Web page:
For a second, I was puzzled. (Who or what is "no cool?") Then, I remembered that we'd put in a service request to get the air conditioner (AC) checked. I contextualized a little..."no cool" must be industry jargon for "broken AC unit." Got it!
The voice message made me smile for a second, because, after I translated it, I realized help was on the way...during a very hot summer. Then I began thinking about the feedback I wanted to provide the technician:
- Empathize with your customers; broken AC units cause a households a lot of stress
- We're concerned about how quickly you'll fit us into your schedule; it's July and very hot
- We're fearful about the cost of repairs--yikes!
- We fear that you may charge us an unreasonable amount (because we no nothing about AC!)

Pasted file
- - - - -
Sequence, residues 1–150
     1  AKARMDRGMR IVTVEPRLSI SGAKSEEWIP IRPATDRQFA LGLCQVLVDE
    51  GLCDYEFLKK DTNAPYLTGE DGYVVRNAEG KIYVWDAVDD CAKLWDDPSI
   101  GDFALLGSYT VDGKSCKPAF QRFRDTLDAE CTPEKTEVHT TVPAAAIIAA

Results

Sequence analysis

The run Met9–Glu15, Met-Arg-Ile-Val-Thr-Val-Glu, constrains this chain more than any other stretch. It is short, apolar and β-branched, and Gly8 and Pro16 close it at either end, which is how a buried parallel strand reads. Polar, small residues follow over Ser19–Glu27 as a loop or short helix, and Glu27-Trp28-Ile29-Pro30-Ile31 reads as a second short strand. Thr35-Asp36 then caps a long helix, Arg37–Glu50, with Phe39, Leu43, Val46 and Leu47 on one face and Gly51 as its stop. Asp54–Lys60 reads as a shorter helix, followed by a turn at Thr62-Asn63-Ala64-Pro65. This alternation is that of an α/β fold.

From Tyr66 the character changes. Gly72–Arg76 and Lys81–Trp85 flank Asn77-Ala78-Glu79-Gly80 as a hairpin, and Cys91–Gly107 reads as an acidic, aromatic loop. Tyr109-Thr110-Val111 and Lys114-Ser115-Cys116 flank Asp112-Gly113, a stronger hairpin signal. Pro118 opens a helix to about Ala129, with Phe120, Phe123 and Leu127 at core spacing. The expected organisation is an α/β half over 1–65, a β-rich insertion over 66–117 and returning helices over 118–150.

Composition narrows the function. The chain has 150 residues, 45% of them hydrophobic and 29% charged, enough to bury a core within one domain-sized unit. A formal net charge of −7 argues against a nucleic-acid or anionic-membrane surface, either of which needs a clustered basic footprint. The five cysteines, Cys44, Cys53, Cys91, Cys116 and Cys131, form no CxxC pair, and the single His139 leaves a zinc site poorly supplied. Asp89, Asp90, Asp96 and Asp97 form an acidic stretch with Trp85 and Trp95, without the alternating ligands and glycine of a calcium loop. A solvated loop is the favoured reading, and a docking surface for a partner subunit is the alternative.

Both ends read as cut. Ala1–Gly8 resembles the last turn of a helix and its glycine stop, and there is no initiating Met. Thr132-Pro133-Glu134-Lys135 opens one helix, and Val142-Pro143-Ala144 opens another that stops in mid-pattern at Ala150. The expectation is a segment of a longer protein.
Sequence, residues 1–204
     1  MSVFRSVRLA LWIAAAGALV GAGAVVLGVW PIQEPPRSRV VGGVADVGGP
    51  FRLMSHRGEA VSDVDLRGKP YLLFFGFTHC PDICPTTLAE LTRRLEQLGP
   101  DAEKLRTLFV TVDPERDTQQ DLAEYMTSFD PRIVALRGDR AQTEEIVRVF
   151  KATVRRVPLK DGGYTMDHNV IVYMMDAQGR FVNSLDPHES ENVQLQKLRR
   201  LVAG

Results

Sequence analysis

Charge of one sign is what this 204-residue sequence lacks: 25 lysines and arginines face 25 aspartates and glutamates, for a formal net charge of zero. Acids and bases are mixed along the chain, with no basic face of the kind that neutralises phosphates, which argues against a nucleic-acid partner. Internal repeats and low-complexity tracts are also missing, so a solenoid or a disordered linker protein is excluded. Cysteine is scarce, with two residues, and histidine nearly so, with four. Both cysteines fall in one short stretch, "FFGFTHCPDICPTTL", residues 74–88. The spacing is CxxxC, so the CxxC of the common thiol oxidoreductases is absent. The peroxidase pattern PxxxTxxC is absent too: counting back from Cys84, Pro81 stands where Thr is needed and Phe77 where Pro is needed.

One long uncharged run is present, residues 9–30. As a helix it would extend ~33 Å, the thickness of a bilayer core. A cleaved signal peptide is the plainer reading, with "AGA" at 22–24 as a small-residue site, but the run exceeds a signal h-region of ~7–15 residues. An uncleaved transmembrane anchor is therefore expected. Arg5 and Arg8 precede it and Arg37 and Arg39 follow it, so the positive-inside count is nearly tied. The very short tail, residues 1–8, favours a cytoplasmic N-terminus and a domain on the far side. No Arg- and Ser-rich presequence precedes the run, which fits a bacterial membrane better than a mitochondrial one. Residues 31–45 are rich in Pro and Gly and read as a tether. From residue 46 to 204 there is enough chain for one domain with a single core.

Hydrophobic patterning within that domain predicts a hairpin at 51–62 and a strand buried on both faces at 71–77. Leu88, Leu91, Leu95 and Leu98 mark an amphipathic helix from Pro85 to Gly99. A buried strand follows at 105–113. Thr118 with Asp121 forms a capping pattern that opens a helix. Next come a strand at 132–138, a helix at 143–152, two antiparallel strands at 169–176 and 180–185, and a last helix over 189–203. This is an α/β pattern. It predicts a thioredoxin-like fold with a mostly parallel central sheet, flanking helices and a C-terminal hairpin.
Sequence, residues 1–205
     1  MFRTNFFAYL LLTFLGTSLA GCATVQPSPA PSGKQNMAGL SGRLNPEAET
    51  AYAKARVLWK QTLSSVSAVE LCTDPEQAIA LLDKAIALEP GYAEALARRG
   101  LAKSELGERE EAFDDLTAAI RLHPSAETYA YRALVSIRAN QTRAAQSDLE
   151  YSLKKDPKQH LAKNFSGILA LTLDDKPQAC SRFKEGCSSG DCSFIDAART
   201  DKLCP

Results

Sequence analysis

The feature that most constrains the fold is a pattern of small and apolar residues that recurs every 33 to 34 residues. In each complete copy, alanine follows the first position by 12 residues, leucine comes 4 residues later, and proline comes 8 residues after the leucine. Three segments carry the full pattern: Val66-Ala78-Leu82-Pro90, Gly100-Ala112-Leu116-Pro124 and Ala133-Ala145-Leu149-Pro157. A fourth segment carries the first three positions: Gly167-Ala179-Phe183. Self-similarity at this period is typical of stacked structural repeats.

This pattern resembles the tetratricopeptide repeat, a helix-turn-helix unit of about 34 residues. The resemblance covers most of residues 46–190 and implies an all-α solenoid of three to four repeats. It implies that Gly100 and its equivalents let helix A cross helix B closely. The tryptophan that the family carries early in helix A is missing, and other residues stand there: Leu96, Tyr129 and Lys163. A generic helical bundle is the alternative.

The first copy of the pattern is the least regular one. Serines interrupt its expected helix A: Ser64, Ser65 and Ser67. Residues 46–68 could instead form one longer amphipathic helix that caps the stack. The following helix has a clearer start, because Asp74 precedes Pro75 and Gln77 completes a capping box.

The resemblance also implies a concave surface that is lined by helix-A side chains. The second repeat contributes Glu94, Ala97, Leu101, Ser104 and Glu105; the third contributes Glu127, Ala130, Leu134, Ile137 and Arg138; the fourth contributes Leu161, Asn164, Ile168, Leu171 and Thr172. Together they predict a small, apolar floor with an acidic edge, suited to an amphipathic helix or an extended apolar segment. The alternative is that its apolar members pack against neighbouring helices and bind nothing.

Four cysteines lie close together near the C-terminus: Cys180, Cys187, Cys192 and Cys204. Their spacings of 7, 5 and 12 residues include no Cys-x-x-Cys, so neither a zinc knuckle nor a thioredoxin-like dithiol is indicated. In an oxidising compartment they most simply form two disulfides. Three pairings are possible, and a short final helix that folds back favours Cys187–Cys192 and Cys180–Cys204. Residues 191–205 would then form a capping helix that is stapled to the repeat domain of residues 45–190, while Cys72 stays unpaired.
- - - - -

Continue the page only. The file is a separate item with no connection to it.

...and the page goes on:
- We generally have no idea what you're talking about, and you're talking about our house (a thing we feel we should know and understand)
The first bullets can be assuaged by some good customer service, professionalism, and empathy.
Just as important is the last bullet: We aren't speaking the same language. And that's adding to our stress and overall experience with your service guys. It also makes it hard to trust that we're making a good decision in authorizing repairs. (Read: in how we're spending money and taking care of our house.) Please, explain it in plain English.
In your business, what jargon terms or phrases do you say to customers or clients? What's the impact to the customer experience? (If you aren't sure, have you ever asked them?) How could you be more clear?